Iron & HHT

HHT-Iron-1400-at-90%

 

 

What is iron?

Iron is a mineral vital to the proper function of haemoglobin, a protein needed to transport oxygen in the blood.

Certain individuals, like children and teens, menstruating or pregnant women, and athletic individuals, are at an increased risk of iron deficiency. HHT also increases your risk of iron deficiency. A shortage of iron in the blood can lead to a range of serious health problems, including iron deficiency anaemia.

Symptoms of iron deficiency anaemia include fatigue, lack of energy, pale skin, depressed immune function, and reduced mental performance.

How much iron do I need? 

The average daily foods and supplements:

  • in children aged 2–11 years: is 13-15mg
  • in children and teens aged 12–19 years: day 16mg/day
  • in men: and 1–20 mg/day
  • in women older than 19: 17–18 mg/day
  • in pregnant women is 14mg/day

It is recommended that you talk with your doctor. He/she will advise you if you should take your iron daily or on alternate days.

Necessary iron daily per category of population and per mg

Iron-Graph

 

However, people who have chronic bleeding and have low levels of iron in their bodies need more iron than this. Every individual is unique, so talk to your doctor about your own personal needs.

How does my body absorb iron?

Iron enters the stomach where it is exposed to stomach acid and changed into a form that allows it to be absorbed. The portion of the small intestine called the duodenum is the chief area where iron absorption takes place.

Heme-iron (from meat) is more easily absorbed by the body. Because vegetarians only consume non-Heme iron, they are at a higher risk for iron deficiency. But other factors (eg Calcium) influence how your body absorbs iron as well. If you are deficient in iron, your body will absorb more of it from food than it would if you had good iron stores.

Increase your intake and absorption of iron:

Consume iron with a source of vitamin C. Many fruits, vegetables, and juices are good sources of vitamin C, including citrus fruits and juices, strawberries, broccoli, peppers, and tomatoes.

Meat aids absorption of non-heme iron, e.g. beef in chili will help you absorb the iron in kidney beans.

Where is iron found?

There are two types of iron found in foods.

Heme iron is found only in animal sources, such as beef, chicken, turkey and in shellfish eg Oysters & Shrimp.

Non-Heme iron is found in animal & plant sources. Plant Sources include pumpkin seeds, tofu, soybeans, lentils, and legumes, nuts, eggs, baked beans, blackstrap molasses.

Some fruits and vegetables e.g. cooked spinach, dried fruits like apricots, cooked green peas, and tomato sauce are all other good sources of non-heme iron.

For more information about sources of iron, talk to your dietician

Iron medications

Since people with HHT often need extra iron, your doctor might recommend iron replacement therapy. Iron is available in capsule, tablet, chewable tablet, and liquid form.

Take your iron pills on an empty stomach, which means 2 hours after the last meal or 1 hour before eating. If you experience stomach cramps, nausea, or diarrhea when taking iron, you may take it with a small amount of food.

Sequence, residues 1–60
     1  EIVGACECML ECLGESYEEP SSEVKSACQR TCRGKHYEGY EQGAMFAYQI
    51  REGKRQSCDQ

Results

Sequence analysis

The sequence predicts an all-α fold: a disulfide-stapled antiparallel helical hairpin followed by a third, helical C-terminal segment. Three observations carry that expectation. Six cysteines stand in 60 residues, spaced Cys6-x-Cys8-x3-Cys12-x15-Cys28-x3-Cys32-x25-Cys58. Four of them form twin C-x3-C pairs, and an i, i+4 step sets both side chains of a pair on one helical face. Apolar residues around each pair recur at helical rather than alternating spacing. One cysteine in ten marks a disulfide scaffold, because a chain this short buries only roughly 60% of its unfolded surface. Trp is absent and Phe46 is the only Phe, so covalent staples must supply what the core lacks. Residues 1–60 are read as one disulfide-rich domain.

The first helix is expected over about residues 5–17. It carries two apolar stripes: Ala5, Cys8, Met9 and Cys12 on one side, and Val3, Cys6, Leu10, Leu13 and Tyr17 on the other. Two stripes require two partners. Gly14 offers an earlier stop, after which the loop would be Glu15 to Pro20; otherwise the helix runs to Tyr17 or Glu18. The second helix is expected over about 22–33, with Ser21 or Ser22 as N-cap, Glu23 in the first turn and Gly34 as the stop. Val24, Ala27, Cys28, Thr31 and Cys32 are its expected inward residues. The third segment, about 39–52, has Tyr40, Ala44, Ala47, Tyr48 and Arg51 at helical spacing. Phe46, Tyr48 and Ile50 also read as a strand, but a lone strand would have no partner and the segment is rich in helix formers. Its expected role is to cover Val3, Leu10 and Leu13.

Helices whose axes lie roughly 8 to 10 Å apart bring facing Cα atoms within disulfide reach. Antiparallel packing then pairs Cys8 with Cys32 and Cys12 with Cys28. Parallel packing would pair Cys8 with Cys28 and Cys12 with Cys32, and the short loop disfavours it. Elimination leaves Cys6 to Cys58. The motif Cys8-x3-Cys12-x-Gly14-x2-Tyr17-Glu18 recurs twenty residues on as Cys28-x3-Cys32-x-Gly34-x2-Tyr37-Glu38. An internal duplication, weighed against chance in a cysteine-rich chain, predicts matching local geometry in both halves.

Vitamin C helps you absorb iron so you can take your iron pill with a glass of orange juice.

Don’t drink milk or take calcium supplements or antacids at the same time as your iron – wait at least 2 hours before taking your iron after consuming these.

Avoid the following foods when consuming your iron pills, because they decrease absorption:

  • Foods containing phytates: e.g. legumes, rice, whole grains
  • Foods containing polyphenols: e.g. coffee, tea, red wine, oregano
  • Foods containing vegetable proteins: e.g. soybeans
  • Foods containing calcium: e.g. dairy products

Ask your doctor or pharmacist about your other medications. Some antibiotics (e.g. tetracycline, penicillin, etc…) and other drugs don’t work as well if you take them at the same time as iron – wait at least two hours in between. Also, if you take acid suppressant medications (e.g. ranitidine, omeprazole, pantoprazole and others), talk to your doctor or pharmacist about what time of day to take your different pills.

 

 

Iron supplements can sometimes cause constipation.

Here are some tips to help with this:

  • Aim for 25-35 grams of fibre per day, but increase slowly by adding 1-2 high fibre foods per day (e.g. whole grains, fruits, vegetables, bran cereal). Be sure to drink 6 to 8 cups of fluid per day as you increase your fibre.
  • Some evidence suggests that probiotics might help with constipation. Some probiotic yogurts also contain added fibre (e.g. some types of Activia brand yogurt)
  • If by consuming more fibre and fluid is not helping, ask your doctor about a laxative or stool softener

 

Diarrhea, nausea, or vomiting sometimes occur with high doses of iron supplements. This can be managed by taking iron in smaller doses throughout the day. Talk to your doctor about adjusting your iron rather than just stopping. Black stools are normal when taking iron supplements, but if you notice blood in your stool or have cramps or sharp pains in your abdomen, talk to your doctor immediately.

Iron